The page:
Medicaid is health overhaul’s early success story
Despite a slow rollout of the online health insurance marketplace, federal Medicaid expansion is working exceptionally well in the states that opted to expand eligibility to those with incomes up to 138 percent of the federal poverty level — $15,856 for an individual or $32,499 for a family of four. NBC reports that Medicaid has signed up 444,000 people in 10 of the 25 states that accepted the expansion in the six weeks since open enrollment began. The total number of new Medicaid enrollees is likely much higher. State hospital associations, medical groups and advocates for the poor have largely come out in support of Medicaid expansion, which is fully funded by the federal government for the first three years. Despite the fact that expanding Medicaid coverage in Louisiana would cover 200,000 working citizens and save the state as much as $368 million over the next 10 years, the Jindal administration has been adamant keeping eligibility guidelines at their current thresholds.
Judge says Legislature cannot sweep dedicated funds to balance budget
A Baton Rouge judge ruled that the Legislature is not allowed to balance the state budget by sweeping dedicated funds into the general fund. According to District Judge William Morvant, sweeping dedicated funds changes the purpose of the levy from a regulatory fee to a revenues raising levy, thus creating the swept funds as tax levies. Both The Public Service Commission and the Louisiana Probation and Parole Officers Association are suing the state for fund sweeps totaling millions of dollars. Commissioner of Administration Kristy Nichols vowed to appeal and says she’s confident that the ruling will be overturned by the Louisiana Supreme Court. If the ruling stays, however, other agencies that experienced fund sweeps are likely to seek judicial relief.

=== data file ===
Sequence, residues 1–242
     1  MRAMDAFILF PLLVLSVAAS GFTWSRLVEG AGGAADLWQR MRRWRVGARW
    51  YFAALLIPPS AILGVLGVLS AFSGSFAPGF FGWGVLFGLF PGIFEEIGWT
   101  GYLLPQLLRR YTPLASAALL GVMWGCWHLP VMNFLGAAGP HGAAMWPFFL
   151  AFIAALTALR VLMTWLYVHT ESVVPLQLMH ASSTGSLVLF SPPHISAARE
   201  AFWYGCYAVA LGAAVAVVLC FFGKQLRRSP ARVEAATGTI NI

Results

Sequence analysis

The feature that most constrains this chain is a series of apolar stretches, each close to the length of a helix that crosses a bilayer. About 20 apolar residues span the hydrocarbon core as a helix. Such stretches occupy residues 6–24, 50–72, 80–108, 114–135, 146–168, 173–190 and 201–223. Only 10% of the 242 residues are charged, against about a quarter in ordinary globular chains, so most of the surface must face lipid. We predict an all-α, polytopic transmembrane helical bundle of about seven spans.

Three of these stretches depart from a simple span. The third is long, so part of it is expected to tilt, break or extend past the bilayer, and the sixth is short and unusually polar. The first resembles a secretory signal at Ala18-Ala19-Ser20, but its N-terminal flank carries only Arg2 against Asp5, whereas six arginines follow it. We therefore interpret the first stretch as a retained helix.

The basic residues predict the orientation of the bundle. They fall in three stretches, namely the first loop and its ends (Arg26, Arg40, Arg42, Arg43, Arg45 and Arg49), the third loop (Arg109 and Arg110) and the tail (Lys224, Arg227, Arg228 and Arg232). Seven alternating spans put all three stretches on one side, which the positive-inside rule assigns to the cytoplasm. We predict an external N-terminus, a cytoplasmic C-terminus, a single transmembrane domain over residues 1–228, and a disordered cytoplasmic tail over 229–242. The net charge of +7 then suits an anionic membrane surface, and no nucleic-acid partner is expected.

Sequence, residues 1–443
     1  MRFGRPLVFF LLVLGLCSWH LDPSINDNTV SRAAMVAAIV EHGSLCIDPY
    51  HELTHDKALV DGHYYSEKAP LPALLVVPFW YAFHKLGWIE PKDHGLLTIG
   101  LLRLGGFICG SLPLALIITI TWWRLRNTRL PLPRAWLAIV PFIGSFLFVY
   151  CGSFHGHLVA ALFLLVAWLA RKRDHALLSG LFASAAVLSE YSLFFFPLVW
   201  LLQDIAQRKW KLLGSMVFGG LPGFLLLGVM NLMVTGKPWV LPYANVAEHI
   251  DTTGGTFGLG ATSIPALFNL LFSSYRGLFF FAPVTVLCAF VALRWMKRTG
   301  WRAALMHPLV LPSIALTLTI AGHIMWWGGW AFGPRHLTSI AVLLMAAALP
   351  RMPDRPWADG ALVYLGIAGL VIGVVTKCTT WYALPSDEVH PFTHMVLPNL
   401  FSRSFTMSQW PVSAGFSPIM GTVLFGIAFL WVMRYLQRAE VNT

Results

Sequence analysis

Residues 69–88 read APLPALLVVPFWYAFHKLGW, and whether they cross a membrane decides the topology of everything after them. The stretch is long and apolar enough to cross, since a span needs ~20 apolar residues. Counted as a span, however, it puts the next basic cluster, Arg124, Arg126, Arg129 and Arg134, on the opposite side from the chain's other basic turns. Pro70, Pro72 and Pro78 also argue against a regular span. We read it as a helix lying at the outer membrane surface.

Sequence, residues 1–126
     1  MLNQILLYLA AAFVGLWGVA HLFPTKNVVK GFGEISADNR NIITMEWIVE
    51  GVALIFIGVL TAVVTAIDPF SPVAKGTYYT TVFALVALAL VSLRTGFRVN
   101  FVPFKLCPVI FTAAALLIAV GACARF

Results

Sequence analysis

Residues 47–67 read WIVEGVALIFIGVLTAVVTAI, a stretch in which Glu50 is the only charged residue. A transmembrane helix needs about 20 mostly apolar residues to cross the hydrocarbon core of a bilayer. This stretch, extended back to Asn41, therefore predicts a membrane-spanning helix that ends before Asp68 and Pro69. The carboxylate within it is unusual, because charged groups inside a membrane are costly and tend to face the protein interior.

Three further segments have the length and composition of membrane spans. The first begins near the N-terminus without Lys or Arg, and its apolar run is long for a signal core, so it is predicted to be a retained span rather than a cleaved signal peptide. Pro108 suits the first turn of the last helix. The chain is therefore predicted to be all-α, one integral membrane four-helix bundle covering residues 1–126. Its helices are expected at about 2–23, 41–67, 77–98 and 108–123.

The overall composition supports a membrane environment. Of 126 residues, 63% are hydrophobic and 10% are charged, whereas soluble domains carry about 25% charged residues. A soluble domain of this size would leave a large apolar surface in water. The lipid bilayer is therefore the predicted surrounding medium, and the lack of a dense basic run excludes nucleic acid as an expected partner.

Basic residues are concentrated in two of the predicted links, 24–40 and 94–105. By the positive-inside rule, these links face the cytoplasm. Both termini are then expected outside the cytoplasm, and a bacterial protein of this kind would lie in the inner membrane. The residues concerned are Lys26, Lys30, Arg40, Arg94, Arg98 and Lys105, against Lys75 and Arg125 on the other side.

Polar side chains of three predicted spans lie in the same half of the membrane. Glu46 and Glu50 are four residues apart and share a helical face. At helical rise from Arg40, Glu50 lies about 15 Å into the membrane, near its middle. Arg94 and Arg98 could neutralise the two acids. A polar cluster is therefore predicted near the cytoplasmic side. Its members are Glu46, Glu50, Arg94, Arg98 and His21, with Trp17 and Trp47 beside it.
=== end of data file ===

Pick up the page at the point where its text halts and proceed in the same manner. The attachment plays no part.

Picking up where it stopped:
More campaign finance woes for Louisiana
A new installment on investigations into state campaign finance contributions lists nine state officials who received excess contributions since 2006. According to the “Louisiana Purchased” series by NOLA.com | The Times-Picayune and WVUE Fox 8 News, the officials who received excess contributions span across the political spectrum: Senate President John Alairo, House Speaker Chuck Kleckley, Sen. Yvonne Dorsey-Colomb, Sen. Elbert Gullory, Sen. Eric LaFleur, Sen. Dan Martiny, Sen. J.P. Morrell, former candidate for secretary of state Francis Heitmeier, and Louisiana Agriculture Commissioner Mike Strain. While these candidates can face hefty fines under state law, observers say the state’s ethics board is unlikely to prosecute the offenders due to insufficient personnel or legal mandates. Ethics Board Administrator Kathleen Allen says she hasn’t seen a single prosecution for this offense in the 16 years that she’s worked for the board, and noted that the board does not have the authority to randomly audit campaign reports.
Jefferson and Plaquemines parishes sue oil companies
Two parishes have filed their own lawsuits against several oil companies for damage to the Louisiana coastline. The suits are not as broadly drawn as the one against 97 oil companies filed by the Southeast Louisiana Flood Protection Authority-East, according to the attorney [Vic Marcello of Talbot, Carmouche and Marcello, the lead law firm in the legal action]. “They are very narrowly tailored to address only violations of coastal zone regulations and the coastal zone statute and nothing else,” said Marcello. … Marcello said the suits do not seek specific monetary damages but, rather, the remedies contained in the coastal zone statute.